Did you watch those videos!
Seriously, something consequential is transpiring as we speak.
If an uprising starts in Ibadan, as it already has, not only will it reverberate through Yorubaland, it will touch every corner of every village in Nigeria.
Those who remember operation wetie would know what I mean.
The moment such a katakata opens in Ibadan, they will pass the relay baton to the Ekiti. If it reaches the hand of Ekiti, nobody can quench the fire again.
The Ekiti and the Ijeṣa axis, the descendants of Ogedengbe Agbogungboro, Adigaga doju ogun–these are offspring of folks who think such conflagrations are mere child play that comes with sing-song nursery rhymes.
The nursery rhymes, though, are dreadful to hear. An Oyo Yoruba like me, (the true nigbati-nigbati), who only understand verbosity but can’t touch a fly, may frown when one hears a song like:
Ogun Oyo kerekekan o!
Ogun Oyo kerekan o!
It is the second line, Riwo-riwo-yo-o-yo-o that is frightening.
It doesn’t mean anything, so on the one hand it is silly.
But the eye-bulging expression of the singer is what makes the entire spectacle look bizarre because it might suggest that the guy is actually silly enough to think nothing of letting all the darn hell loose.
We the Oyo people are totally flabbergasted by the agidi of those mountain folks.
Please don’t annoy them.
They are not like the Oyo who want to talk things out.
It’s like poking your head into a beehive if you push them.
Once you push them, they will hear “Go,” but they won’t hear “Stop” nor will they return unless they push matters to the logical conclusion.
If the Oyo are postmodernist “everything-depends-on-something-else-beyond-anybody’s-control” kind of people, the Ekiti-Ijeṣa are modernists with clear distinctions between right and wrong.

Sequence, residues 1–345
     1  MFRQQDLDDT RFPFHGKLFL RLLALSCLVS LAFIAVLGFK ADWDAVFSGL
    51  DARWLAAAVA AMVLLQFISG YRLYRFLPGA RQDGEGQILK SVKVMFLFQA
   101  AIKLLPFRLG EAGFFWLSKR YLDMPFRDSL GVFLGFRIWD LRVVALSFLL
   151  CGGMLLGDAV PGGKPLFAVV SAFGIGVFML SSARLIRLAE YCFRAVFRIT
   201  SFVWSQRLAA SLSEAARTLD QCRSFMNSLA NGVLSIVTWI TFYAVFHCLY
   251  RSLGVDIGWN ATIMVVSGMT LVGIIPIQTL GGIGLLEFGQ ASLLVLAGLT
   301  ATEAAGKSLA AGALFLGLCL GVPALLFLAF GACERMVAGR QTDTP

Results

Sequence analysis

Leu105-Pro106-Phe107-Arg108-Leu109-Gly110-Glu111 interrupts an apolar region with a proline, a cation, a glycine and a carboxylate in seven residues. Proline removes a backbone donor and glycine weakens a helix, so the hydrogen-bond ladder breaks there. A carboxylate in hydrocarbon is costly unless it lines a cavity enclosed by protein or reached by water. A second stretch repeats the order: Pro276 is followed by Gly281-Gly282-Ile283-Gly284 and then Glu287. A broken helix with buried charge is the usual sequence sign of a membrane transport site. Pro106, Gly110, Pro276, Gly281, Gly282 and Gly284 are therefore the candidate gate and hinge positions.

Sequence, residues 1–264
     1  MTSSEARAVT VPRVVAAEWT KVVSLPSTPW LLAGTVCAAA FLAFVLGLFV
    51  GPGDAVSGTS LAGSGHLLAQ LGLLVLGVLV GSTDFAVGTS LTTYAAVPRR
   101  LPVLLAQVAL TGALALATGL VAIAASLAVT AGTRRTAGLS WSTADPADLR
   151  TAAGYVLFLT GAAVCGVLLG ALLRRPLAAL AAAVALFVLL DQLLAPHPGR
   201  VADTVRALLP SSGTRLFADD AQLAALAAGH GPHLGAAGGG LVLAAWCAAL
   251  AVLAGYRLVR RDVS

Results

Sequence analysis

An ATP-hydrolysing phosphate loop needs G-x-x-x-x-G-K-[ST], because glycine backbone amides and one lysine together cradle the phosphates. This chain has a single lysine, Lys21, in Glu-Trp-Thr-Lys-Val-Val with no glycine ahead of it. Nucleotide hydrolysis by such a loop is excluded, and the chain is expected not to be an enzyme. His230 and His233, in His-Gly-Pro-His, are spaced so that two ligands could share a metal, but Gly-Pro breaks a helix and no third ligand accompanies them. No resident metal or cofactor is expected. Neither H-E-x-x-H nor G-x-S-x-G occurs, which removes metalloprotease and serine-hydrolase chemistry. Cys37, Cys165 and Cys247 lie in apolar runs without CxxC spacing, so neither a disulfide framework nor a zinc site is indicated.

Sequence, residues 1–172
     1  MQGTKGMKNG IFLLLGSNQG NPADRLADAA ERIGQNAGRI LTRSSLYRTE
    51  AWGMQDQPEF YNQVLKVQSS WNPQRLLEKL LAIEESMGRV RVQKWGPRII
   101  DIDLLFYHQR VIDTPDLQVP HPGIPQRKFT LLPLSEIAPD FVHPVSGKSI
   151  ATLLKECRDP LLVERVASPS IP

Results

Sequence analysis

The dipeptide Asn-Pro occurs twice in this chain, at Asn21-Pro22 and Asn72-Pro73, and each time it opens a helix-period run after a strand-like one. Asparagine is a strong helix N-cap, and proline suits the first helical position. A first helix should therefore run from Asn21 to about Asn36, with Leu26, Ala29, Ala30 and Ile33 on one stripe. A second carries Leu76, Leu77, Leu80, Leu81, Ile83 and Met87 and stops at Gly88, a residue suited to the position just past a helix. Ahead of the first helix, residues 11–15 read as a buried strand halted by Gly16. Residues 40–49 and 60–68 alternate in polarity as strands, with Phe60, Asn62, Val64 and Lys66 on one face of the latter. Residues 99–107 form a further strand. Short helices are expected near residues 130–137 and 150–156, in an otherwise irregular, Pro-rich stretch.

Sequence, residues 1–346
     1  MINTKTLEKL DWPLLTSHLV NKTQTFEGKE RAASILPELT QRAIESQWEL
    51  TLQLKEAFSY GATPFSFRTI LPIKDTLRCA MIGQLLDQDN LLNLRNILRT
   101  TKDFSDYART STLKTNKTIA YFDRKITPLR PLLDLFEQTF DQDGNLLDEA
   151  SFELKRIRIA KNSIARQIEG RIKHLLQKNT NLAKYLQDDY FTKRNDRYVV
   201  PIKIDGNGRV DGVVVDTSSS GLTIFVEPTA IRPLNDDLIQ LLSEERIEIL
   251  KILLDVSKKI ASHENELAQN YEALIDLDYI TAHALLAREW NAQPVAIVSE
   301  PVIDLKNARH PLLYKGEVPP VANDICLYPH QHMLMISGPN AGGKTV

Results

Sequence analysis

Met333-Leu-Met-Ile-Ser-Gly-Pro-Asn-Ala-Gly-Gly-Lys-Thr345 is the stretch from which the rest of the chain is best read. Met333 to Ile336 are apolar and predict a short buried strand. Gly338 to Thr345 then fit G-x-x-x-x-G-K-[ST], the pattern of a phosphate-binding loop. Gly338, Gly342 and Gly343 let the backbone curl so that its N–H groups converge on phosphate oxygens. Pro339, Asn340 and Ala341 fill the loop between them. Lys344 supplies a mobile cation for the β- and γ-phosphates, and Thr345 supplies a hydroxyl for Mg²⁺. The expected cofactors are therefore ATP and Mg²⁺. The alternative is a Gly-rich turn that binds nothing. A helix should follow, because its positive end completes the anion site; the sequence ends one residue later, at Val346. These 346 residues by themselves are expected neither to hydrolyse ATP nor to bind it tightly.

My friend Moyo Ogundipe, aka “The first Ekiti freak,” of glorious memory, would tell me, “Look Moyo, ma paja lobo fun mi o. Oyo buruku.”
If those folks feel wronged, I don’t want to be around.
Once the Ibadan Mesiogo, dwellers of the House of Oluyole–dare I say their ancestors were …hush..thieves; daylight robbers; wild-west gangsters who would make El Capone look like a kindergarten student–Ni ibi ole n gbe jare olohun–once they light the fire, as they seem to have done today–emi o si nibe o.
My hand is not there patapata.
Because, straight from the Ijesa-Ibadan front, you won’t even know that the baton has already exchanged hands to the Ondo, Ilaje, area, where it will fork both north and south at the same time.
Forget it at that point. It has gone nationally viral.
Sometimes what seems so meek may mask its very opposite. This is why it was too risky to go and provoke that mister whose name sounds like the day you go to church, lodged as he was among these kids from Ibadan.
You would never believe that the Ibadan people are in fact immigrants from the Igboho area, because before migrating south to share (share sa!) the land of the Egba people, the Ibadan crossed the borders of Saki, Iganna, Kisi, Ogbomoso, and other cities whose names have disappeared with the slave trade.
These Oke iho diasporas seem to have returned to their fadaland which they think is under siege by invaders. If the video that I saw reports the truth, a couple of buildings have been torched.
Emi o si mbe o!
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